NYLPI Seeks Bodycam Footage and 911 Call Tapes From NYPD Fatal ShootingAugust 16, 2019
The news was covered by the New York Law Journal (click here to read the story, or click here to read a pdf version), QNS, the Amsterdam News, and the Queens Daily Eagle (click here to read the story or click here to read a pdf version), and featured on WNYC (click below to listen to the audio clip):
Ruth Lowenkron, Director of the Disability Justice Program at New York Lawyers for the Public Interest, along with former NYPD Assistant Commissioner Stuart Parker volunteering his services with NYLPI, as well as pro bono counsel at Milbank, have filed the suit to obtain the critical records.
NYPD shot and killed Ms. Muller, 54 (pictured), on September 17, 2018, after she called the police to report a burglary in her home in Queens. She was known to the NYPD—the police had responded to nine 911 calls to her home since 2000—but she was dead 50 seconds after four officers arrived at her home.
Police shot Ms. Muller three times and declared her dead at the scene after she reportedly approached an officer with a knife. Earlier in the day, Ms. Muller reportedly had been unable to fill her prescription for an antidepressant and had used alcohol. Even though officers who arrived at Ms. Muller’s home were wearing body-worn cameras (BWCs), no video or audio footage of the incident was released to the public.
Following public reports of the shooting, NYLPI made a FOIL request for the unedited audio and video files from all of the BWCs of every officer involved in the fatal incident. NYLPI additionally requested unedited audio files from the 911 calls placed by Ms. Muller that day. The NYPD provided a blanket denial to NYLPI’s FOIL request, refusing to provide even redacted portions of audio and video files on the basis of a host of asserted FOIL exemptions.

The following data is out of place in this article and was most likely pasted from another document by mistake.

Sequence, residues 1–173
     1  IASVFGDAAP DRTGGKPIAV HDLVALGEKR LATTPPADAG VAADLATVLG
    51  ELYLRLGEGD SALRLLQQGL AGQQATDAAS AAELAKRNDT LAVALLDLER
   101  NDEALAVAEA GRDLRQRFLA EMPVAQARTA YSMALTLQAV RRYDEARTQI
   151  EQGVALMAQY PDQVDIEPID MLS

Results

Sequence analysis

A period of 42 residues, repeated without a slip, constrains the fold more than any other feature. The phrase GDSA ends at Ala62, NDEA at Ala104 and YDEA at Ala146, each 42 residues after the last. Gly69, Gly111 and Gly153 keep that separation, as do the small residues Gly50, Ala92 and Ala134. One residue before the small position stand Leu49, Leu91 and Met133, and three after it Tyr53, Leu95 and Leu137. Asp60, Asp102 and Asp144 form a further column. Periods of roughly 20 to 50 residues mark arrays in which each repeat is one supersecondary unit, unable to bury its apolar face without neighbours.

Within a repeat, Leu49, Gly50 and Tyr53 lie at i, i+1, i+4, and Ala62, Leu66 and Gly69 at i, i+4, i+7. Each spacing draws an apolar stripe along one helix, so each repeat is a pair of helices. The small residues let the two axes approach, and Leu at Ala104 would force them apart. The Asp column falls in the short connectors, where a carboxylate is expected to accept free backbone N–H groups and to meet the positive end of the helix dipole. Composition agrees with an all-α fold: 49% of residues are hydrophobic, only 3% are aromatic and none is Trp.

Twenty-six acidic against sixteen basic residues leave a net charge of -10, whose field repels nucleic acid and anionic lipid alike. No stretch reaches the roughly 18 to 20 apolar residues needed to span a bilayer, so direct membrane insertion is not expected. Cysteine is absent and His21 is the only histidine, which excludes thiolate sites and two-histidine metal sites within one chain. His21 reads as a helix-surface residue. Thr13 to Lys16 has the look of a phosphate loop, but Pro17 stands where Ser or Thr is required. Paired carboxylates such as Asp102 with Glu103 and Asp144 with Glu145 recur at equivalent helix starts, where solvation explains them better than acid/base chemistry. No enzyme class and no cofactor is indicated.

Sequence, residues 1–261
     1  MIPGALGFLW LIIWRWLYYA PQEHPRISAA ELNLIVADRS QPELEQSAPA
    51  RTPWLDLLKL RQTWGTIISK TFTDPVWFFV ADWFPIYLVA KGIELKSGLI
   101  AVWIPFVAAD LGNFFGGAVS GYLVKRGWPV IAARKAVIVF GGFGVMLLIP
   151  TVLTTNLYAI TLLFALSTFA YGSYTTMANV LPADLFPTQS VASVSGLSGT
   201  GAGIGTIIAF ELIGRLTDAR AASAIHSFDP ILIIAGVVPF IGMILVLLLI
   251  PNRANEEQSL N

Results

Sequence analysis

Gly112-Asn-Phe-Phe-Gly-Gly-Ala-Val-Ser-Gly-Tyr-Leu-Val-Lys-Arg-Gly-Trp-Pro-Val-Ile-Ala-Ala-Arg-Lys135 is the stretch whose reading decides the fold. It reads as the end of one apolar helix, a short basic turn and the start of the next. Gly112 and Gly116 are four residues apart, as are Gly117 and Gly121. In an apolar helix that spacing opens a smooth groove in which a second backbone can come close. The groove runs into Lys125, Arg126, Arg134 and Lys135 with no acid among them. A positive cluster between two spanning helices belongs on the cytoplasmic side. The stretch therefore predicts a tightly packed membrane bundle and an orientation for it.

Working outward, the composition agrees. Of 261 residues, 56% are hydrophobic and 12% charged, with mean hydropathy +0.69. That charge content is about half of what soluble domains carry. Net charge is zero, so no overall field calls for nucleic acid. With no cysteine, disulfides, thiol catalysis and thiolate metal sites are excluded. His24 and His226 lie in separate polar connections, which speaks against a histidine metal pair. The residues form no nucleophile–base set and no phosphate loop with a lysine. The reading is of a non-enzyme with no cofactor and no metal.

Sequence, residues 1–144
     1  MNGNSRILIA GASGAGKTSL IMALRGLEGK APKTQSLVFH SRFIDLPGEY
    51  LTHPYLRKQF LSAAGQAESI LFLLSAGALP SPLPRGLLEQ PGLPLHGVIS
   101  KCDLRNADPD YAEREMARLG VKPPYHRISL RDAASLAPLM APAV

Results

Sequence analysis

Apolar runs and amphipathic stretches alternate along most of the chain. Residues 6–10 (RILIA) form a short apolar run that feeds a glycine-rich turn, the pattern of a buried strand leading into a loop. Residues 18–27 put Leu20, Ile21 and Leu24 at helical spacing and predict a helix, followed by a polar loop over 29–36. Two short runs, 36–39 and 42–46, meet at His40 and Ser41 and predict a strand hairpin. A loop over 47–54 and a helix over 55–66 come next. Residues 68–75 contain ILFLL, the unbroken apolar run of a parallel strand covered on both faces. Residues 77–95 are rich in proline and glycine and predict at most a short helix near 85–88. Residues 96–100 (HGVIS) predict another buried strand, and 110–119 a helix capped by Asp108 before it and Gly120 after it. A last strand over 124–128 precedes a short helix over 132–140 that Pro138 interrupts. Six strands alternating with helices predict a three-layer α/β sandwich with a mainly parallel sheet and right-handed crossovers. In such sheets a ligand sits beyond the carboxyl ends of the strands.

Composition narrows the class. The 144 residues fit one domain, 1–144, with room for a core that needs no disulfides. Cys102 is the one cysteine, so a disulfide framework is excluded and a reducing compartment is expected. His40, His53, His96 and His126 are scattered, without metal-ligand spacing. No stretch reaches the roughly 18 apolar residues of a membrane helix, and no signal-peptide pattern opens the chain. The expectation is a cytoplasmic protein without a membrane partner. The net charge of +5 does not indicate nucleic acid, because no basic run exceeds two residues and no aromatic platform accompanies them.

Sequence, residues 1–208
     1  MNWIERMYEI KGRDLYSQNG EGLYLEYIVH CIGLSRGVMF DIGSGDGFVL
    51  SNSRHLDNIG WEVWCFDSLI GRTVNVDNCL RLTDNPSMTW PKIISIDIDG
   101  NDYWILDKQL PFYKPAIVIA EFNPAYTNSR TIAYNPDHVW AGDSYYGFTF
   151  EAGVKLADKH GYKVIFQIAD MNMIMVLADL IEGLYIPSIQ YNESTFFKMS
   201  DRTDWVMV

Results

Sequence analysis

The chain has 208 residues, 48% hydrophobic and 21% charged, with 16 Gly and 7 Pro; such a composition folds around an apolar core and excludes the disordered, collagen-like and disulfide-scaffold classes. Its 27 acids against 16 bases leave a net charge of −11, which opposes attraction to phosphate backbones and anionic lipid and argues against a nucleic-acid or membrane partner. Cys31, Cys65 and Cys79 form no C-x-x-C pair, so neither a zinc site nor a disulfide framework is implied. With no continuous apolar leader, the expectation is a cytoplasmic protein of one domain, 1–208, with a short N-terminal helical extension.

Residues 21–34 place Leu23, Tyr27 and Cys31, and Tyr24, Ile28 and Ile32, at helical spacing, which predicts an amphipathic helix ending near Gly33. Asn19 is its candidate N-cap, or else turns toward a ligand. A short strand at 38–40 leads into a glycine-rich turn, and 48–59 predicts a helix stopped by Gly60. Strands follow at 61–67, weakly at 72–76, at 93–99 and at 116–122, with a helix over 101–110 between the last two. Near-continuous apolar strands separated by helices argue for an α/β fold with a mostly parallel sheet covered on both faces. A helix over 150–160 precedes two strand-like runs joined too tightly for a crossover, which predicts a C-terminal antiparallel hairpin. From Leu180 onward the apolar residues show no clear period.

NYLPI recently won a landmark ruling against the NYPD in a similar case, in which the New York State Supreme Court ordered the Department to turn over unredacted body-worn camera footage in the fatal police shooting of Miguel Richards, an individual who experienced a mental health crisis.*
“We should not have to take the NYPD to court repeatedly to confirm the public’s right under New York’s Freedom of Information Law to view body-worn camera footage of tragic incidents where people with disabilities who call 911 are shot by police officers,” said Lowenkron. “How many more New Yorkers need to die before we reform the way we handle mental health crises?”
“As with Miguel Richards, the NYPD’s unwillingness to disclose body camera footage of the fatal shooting of Susan Muller undermines the vital purposes of both FOIL and the body camera program to promote transparency and accountability to the public,” said Milbank litigation associate Benjamin Reed. “It is important that the public have access to these records in order to learn from them and prevent tragic deaths like this in the future.”
Click here for copies of the petition, and the memorandum of law, filed in New York State Supreme Court, New York County. You can download a copy of the press release by clicking here.
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